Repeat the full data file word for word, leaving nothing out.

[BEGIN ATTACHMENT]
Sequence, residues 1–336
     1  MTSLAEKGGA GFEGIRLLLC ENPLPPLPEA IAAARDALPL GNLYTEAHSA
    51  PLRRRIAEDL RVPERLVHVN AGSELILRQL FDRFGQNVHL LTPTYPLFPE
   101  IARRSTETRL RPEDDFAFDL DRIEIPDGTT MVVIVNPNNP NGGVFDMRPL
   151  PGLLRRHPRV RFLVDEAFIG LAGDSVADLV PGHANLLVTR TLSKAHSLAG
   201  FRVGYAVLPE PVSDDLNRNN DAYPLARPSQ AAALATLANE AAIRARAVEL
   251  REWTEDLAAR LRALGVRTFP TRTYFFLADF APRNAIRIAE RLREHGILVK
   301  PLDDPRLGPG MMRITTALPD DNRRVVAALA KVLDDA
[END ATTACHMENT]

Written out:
Sequence, residues 1–336
     1  MTSLAEKGGA GFEGIRLLLC ENPLPPLPEA IAAARDALPL GNLYTEAHSA
    51  PLRRRIAEDL RVPERLVHVN AGSELILRQL FDRFGQNVHL LTPTYPLFPE
   101  IARRSTETRL RPEDDFAFDL DRIEIPDGTT MVVIVNPNNP NGGVFDMRPL
   151  PGLLRRHPRV RFLVDEAFIG LAGDSVADLV PGHANLLVTR TLSKAHSLAG
   201  FRVGYAVLPE PVSDDLNRNN DAYPLARPSQ AAALATLANE AAIRARAVEL
   251  REWTEDLAAR LRALGVRTFP TRTYFFLADF APRNAIRIAE RLREHGILVK
   301  PLDDPRLGPG MMRITTALPD DNRRVVAALA KVLDDA